Winding up Amaranth
Here is a great, long, summary of the challenges of winding up Amaranth Advisors, that once feared $7 billion hedge fund. If you’re a fan of legal docs, this one is a doozy.
If you read the fine print, you get a sense of why it is inconceivable that pension funds can continue to support the idea that hedge fund managers:
– have a zero cost of capital
– pay out all of the “promote” based upon a single year’s performance rather than the performance of the team over the life of a fund
– do not ask the team to sign guarantees should the fund explode, and the promote that was paid earlier in the life of the fund is no longer “earned” based upon the fund’s overall performance
Here is an excerpt from Amaranth’s LP agreement regarding imdemnification of employees (note the reference to “gross negligence” vs. mere “negligence”; confirms that no employees, regardless of the financial losses, are liable unless there was intentional misconduct (I’m assuming that intentionally laying on disasterous natural gas arbitrage trades doesn’t count as misconduct):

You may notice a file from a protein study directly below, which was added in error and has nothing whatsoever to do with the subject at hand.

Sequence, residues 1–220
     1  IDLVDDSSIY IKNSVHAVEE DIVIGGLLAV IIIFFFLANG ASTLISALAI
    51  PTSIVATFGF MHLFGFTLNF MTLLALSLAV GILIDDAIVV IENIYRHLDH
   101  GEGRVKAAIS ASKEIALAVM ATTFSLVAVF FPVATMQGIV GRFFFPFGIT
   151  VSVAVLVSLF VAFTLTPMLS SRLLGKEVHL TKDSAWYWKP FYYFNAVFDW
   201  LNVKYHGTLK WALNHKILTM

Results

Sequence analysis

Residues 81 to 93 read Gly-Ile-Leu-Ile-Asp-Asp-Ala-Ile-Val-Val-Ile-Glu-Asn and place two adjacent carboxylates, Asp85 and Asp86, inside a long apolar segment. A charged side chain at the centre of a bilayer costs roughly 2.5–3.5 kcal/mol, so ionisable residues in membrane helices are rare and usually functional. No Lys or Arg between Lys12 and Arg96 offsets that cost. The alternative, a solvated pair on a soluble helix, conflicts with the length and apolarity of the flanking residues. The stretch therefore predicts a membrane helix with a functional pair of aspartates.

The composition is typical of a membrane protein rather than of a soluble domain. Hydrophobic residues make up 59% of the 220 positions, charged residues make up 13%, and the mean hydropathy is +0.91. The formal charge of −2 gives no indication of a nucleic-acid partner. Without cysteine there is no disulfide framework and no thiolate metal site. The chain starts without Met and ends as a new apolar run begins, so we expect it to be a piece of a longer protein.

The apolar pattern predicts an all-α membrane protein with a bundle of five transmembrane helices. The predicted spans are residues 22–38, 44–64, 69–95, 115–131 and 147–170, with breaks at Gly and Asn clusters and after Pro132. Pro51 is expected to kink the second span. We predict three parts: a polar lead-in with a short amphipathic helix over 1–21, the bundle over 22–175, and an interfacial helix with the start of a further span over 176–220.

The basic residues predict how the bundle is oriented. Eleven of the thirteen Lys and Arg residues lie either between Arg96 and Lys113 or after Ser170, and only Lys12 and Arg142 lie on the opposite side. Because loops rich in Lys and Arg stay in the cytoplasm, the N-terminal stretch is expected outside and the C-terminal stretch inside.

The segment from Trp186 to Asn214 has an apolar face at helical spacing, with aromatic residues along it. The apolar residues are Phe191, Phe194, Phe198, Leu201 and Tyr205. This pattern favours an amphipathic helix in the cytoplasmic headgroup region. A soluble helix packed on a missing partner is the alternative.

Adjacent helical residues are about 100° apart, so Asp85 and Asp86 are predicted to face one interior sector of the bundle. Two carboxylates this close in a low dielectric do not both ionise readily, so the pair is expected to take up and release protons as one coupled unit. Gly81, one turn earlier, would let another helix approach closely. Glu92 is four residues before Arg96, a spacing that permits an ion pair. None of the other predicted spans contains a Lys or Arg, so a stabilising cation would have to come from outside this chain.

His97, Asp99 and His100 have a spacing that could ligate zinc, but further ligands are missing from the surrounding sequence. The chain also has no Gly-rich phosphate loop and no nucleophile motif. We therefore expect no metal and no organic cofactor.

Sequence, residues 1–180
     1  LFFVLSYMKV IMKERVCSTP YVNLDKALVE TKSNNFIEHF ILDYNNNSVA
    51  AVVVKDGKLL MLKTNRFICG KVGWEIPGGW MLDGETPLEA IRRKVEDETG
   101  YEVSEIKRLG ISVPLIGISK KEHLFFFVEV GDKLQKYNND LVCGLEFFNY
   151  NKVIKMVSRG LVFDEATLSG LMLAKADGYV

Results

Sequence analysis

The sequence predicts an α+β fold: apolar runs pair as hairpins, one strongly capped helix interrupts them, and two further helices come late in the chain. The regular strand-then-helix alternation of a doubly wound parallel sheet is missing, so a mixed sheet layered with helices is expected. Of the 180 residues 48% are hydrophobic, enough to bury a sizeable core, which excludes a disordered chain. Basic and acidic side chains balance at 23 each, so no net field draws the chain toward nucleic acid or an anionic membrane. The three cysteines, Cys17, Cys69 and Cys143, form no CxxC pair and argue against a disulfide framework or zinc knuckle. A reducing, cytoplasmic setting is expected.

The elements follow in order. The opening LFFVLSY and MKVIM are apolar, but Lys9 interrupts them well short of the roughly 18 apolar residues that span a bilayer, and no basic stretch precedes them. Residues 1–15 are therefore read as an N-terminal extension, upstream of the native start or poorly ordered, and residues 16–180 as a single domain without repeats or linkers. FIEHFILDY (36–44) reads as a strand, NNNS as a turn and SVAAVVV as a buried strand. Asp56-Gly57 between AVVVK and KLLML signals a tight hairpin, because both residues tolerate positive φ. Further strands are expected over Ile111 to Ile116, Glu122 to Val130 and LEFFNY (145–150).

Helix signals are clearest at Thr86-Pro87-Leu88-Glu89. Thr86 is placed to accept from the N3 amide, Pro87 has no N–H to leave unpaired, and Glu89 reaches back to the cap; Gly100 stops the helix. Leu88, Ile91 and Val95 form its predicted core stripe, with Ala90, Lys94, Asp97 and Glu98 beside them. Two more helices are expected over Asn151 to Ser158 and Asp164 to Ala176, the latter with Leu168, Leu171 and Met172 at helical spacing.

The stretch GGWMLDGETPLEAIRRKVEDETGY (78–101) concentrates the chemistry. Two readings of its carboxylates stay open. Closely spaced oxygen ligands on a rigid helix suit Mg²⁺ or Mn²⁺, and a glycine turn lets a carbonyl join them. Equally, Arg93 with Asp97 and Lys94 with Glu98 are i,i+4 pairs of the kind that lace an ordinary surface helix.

The Limited Liability Company Agreement further provides that the Master Fund will indemnify, defend, and hold harmless the managing member, its Affiliates and, at the discretion of the managing member, the Master Fund’s agents, employees, advisors and consultants from and against any losses arising as a result of business or activities undertaken on behalf of the Master Fund, other than such losses as result from the bad faith, fraud, gross negligence or reckless or intentional misconduct of such parties, or the violation by such parties of such lesser standard of conduct as under applicable law prevents that indemnification, or as a result of actions so found by a court of competent jurisdiction, after entry of a final judgment, to have been taken without a reasonable belief that they were properly authorized by the Limited Liability Company Agreement. All such rights of indemnification shall survive the dissolution of the Master Fund.